I can’t take credit for this recipe. I didn’t make any of it! All I did was take the photos. Now, that’s a way to write a food blog! I’m not complaining.
So who did make the food? The one and only Bud Davis! He’s my barbeque man. Over the past few years, Bud has become an expert on the grille and with our smoker. He’s tried everything from smoked salmon to homemade bacon. I love watching him experiment and enjoy all the food he’s made.
We can’t wait to break out the grille and smoker even more this summer. Memorial Day is just around the corner and I can’t wait to kick of summer! Summer means sun and sand and relaxing. Can you tell I’m ready for summer to start?
If you’re hosting a crowd or a party, this is a wonderful recipe. It makes plenty for a group or for leftovers throughout the week. The meat is perfectly sweet and salty. It has a great balance of smoke in the flavor. It’s the best of both worlds in every way!
What’s your favorite summer recipe?
Cocktails and Drinks
Blackberry Gin Slush by The Speckled Palate
Homemade Lemonade by Winstead Wandering
Blood Orange Mocktail by Body Rebooted
Fleur Collins Cocktail by Hungry Girl por Vida
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Black Stripe Cold Rum Cocktail by Honey and Birch
Fresh Watermelon Mojito by Twin Stripe
Mint Hibiscus Lemonade by The Little Epicurean
Wine Slushy by Living Well Kitchen
Basil Gin Lemonade by Glisten and Grace
Salt Plate Shrimp by The Mexitalian
Jamaican Jerk Chicken Burgers by Simple and Savory
Roasted Vegetable Grilled Pizza with Garlic Herb Oil by Ciao Chow Bambina
Memphis Style Pulled Pork by Two Places at Once
Balsamic & Honey Chicken Skewers with Strawberry-Kiwi Salsa by No Spoon Necessary
Amazing Basic Spice Rub for Grilling by An Oregon Cottage
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Cherry & Rhubarb Tart by Crepes of Wrath
Memphis Style Pulled Pork
For the rub:
- ¾ cup brown sugar
- ¾ cup white sugar
- ½ cup paprika
- ¼ cup garlic powder
- 2 tablespoons pepper
- 2 tablespoons ginger
- 2 tablespoons onion powder
- 2 teaspoons rosemary
For the meat:
- 1 pork butt
For the dry rub, combine all ingredients in a small bowl. Set aside and reserve for later use.
The night before you plan on smoking your butt, you’ll want to dry brine the meat. Use ½ tablespoon of non-ionized salt per pound of meat. Lightly coat the butt with the salt and leave in the fridge overnight.
In the morning set up your smoker – I use a basic 18” Weber Smokey Mountain.
Fill a charcoal chimney about 1/3 of the way with briquettes and get them lit.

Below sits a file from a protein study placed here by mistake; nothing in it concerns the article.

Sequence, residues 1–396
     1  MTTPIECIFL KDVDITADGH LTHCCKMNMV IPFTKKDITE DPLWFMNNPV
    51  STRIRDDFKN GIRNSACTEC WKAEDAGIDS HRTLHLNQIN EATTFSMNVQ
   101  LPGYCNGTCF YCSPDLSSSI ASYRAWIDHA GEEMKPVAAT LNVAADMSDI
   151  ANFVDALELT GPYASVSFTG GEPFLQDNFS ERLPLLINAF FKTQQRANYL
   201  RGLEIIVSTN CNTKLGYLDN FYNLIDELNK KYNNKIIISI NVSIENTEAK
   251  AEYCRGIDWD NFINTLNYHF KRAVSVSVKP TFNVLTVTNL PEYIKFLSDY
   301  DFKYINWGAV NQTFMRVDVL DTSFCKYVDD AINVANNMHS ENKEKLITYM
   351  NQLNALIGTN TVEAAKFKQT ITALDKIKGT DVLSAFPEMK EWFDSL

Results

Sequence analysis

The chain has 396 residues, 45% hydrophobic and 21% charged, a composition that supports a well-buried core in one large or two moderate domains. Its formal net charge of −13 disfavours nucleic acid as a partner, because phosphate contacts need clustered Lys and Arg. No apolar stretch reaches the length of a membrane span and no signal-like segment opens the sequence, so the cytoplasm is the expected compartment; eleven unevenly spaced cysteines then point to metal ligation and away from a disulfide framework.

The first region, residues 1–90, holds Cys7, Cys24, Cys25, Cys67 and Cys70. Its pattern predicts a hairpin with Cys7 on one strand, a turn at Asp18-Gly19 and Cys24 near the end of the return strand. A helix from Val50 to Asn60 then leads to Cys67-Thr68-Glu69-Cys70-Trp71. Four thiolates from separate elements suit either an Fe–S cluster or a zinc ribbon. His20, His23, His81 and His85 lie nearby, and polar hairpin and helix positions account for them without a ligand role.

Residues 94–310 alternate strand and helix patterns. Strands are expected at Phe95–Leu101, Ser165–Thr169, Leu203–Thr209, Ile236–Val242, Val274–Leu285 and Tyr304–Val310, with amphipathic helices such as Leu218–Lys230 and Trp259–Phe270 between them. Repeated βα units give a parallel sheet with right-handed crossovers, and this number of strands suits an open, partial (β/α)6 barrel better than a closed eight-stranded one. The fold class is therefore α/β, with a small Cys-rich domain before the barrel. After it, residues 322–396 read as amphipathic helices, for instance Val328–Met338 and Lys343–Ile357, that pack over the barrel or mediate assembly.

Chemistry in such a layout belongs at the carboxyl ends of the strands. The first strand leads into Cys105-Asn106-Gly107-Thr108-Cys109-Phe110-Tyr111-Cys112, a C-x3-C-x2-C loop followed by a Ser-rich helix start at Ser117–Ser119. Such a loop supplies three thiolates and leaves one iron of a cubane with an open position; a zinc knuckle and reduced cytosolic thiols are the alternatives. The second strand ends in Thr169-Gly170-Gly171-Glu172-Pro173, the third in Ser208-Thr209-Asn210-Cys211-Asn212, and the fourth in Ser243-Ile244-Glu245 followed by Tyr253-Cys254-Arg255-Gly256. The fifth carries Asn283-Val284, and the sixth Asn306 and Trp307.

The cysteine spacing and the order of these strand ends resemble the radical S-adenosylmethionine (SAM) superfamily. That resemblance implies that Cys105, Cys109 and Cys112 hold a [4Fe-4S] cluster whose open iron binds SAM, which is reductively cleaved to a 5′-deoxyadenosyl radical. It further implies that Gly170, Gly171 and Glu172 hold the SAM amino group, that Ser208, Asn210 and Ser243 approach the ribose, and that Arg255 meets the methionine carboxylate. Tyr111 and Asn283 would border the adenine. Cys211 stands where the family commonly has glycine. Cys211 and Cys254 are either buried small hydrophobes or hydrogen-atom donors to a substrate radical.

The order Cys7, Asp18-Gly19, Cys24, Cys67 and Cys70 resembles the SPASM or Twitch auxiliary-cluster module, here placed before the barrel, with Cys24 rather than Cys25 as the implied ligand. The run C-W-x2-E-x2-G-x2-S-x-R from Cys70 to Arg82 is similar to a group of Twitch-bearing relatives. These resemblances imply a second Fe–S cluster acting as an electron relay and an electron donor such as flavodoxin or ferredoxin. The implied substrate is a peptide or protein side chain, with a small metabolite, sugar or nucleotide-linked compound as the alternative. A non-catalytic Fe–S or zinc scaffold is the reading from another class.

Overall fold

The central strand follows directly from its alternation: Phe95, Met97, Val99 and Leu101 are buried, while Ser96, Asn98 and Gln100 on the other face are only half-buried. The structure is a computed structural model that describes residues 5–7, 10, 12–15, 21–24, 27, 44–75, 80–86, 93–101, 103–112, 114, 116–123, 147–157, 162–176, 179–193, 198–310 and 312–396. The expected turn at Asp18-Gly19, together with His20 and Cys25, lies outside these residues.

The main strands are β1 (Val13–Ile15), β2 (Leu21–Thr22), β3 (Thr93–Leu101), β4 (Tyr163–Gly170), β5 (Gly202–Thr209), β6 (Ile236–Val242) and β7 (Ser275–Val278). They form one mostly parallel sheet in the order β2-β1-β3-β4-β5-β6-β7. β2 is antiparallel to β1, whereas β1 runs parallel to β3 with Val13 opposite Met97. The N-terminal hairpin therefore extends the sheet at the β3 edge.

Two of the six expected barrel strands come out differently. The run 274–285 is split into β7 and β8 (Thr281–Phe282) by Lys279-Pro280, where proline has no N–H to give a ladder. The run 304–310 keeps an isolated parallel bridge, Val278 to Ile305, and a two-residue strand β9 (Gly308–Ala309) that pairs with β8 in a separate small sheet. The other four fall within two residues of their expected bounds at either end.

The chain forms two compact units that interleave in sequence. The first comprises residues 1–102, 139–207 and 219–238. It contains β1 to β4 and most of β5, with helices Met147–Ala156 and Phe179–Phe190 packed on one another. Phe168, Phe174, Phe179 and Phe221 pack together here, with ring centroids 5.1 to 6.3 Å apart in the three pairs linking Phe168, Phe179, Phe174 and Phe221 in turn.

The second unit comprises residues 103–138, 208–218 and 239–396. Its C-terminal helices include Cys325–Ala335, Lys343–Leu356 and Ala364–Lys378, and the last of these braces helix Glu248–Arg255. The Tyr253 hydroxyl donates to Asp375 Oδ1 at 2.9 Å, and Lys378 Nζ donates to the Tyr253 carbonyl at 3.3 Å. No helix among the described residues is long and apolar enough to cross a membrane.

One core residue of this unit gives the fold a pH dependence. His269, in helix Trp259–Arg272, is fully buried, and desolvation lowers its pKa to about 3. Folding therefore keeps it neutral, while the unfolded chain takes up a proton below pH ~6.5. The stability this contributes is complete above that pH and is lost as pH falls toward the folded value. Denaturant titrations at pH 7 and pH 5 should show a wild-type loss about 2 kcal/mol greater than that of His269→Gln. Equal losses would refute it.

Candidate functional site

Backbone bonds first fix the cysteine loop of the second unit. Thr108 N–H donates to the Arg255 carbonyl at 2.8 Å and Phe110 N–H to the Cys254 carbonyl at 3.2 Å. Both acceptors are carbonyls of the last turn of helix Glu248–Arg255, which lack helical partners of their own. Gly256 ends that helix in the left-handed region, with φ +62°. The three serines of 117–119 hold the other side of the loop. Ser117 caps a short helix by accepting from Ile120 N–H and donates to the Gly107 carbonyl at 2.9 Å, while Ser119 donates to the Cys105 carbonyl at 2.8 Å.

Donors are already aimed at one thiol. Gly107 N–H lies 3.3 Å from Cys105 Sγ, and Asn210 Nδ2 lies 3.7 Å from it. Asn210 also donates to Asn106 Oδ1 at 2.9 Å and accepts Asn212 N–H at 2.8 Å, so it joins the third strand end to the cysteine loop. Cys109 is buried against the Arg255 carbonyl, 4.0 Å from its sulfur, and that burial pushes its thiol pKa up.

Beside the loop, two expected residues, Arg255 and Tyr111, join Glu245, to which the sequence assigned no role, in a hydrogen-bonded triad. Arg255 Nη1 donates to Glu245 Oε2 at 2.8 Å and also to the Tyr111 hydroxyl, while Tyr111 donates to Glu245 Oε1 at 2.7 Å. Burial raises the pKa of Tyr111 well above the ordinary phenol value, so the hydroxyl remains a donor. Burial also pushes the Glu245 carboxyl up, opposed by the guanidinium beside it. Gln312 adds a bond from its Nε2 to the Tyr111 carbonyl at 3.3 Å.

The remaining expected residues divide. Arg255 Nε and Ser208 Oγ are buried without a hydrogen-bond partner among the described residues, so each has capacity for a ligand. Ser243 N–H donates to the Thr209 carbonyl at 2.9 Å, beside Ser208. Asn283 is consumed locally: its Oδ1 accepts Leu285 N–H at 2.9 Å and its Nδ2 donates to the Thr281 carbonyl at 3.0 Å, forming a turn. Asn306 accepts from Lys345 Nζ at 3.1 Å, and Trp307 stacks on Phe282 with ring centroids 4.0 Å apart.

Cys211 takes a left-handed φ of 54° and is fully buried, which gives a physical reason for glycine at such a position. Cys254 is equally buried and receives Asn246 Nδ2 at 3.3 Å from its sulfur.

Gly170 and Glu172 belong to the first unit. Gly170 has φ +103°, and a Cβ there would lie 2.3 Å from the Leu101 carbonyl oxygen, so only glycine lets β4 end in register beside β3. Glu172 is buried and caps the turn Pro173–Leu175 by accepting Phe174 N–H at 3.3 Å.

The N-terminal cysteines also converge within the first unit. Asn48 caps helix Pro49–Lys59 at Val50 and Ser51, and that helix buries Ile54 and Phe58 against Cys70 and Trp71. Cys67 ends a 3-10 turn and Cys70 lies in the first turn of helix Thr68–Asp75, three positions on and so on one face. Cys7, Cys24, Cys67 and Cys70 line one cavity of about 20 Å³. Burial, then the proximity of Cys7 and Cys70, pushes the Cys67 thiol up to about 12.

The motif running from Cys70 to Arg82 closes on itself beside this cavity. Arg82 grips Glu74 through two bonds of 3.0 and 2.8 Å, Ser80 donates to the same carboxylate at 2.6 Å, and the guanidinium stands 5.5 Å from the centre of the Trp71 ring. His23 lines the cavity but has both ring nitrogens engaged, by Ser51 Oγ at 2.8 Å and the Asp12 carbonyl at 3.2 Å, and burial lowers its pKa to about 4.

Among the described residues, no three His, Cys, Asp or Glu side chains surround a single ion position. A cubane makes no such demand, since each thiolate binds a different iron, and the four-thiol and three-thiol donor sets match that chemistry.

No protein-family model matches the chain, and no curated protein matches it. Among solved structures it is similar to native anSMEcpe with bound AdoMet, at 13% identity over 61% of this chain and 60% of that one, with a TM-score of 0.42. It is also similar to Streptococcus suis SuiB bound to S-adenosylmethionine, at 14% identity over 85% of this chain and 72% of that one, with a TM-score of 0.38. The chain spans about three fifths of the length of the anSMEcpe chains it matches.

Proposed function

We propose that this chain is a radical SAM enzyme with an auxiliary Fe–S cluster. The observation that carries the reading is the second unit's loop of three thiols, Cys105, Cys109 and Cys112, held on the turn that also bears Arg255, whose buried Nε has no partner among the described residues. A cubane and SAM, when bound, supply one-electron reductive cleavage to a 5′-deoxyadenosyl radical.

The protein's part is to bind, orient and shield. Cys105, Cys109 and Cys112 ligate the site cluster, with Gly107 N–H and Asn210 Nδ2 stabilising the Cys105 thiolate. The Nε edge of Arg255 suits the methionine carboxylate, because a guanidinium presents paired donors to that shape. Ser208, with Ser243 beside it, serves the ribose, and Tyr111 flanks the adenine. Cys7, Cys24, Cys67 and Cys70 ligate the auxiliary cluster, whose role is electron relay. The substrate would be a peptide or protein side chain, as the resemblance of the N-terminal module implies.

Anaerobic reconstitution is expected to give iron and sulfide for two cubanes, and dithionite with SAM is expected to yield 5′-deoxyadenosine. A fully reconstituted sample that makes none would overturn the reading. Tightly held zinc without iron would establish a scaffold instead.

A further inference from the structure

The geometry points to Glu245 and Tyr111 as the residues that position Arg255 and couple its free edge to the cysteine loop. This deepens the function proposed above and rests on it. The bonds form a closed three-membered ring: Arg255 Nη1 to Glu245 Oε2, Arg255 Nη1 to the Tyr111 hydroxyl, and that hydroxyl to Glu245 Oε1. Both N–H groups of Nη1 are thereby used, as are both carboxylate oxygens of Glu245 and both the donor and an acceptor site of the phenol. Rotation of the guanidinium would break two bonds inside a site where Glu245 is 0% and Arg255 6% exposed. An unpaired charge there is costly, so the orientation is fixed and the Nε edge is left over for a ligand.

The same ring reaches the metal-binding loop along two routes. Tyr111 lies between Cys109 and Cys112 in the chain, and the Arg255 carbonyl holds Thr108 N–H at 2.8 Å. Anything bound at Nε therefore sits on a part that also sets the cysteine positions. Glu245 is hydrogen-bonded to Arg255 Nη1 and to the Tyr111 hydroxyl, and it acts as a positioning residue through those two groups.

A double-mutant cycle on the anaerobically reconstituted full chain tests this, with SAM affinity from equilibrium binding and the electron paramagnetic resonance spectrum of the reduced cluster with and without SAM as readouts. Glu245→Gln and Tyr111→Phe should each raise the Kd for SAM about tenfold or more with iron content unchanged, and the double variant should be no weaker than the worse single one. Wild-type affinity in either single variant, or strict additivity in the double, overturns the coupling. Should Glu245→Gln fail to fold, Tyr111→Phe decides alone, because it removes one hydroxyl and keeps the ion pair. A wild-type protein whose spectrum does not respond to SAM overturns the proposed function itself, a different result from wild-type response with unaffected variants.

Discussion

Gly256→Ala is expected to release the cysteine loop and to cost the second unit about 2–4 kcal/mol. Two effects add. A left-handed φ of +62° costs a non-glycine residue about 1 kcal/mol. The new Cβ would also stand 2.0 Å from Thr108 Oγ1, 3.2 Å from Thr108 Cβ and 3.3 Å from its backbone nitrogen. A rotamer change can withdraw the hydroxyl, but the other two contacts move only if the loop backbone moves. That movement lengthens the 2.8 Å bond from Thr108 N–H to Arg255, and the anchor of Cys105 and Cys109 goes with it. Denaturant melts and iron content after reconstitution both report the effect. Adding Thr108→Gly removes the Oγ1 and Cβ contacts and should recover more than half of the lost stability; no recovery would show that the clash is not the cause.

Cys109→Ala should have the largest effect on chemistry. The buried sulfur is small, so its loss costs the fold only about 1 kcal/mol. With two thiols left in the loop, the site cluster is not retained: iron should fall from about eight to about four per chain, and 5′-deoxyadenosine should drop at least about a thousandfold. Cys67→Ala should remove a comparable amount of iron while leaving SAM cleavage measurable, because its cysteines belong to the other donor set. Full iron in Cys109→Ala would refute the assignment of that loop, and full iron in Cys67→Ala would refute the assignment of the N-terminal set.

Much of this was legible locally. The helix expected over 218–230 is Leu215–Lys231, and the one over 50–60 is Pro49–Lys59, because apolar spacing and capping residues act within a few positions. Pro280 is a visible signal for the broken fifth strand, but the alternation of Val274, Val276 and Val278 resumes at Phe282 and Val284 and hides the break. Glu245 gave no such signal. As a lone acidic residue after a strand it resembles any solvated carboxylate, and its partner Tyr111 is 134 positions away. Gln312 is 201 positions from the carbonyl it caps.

Create a donut-shape of unlit charcoal in the base of your smoker.
Cover the water-pan with aluminum foil to act as a drip pan.
Set up your thermometers. I prefer the Maverick ET-732 remote thermometer.
Once the briquettes in your chimney have burned down to a nice grey color, dump them into the center of your donut and finish setting up the smoker. If not they’re not finished, head inside to prep your butt while they burn down some more.
Remove the pork butt from the fridge and wash the salt from the meat.
Pat the butt dry with a paper towel and generously coat it with the Memphis Dust rub.
Adjust the internal temperature of your smoker to be between 225-250 degrees Fahrenheit. Don’t fret if the temperature gets slightly higher, pork is forgiving.
Place the pork butt in your smoker add your wood chips (mesquite and pecan for us) to the coals.
Try to avoid opening the smoker for the next 5-6 hours. If you have an abundance of chips, you can add them every 30 minutes for the first two hours.
Once the internal temperature of your butt reaches 195 degrees, it’s time to check to see if it’s ready. If you can’t gauge the temperature remotely during the cook, use your best judgement to decide when to open the smoker and take a reading. If your smoker has been reading slightly lower temps (225 degrees) then check after 6 hours, if it’s been higher (250 degrees), then check closer to 5 hours.
Use a fork to determine how done your pork butt is. If you can put a fork in the middle of the butt and rotate it 90 degrees, then you’re finished. If not, let it cook up to an internal temperature of 203 degrees before removing it from the smoker.
Once the butt is finished, bring it inside and allow it to rest. After 15 minutes use fingers or forks to pull the pork.
Sometimes pork butts can take 8-10 hours to cook, it really just depends on the meat and the method of cooking you use. Original recipes from Amazing Ribs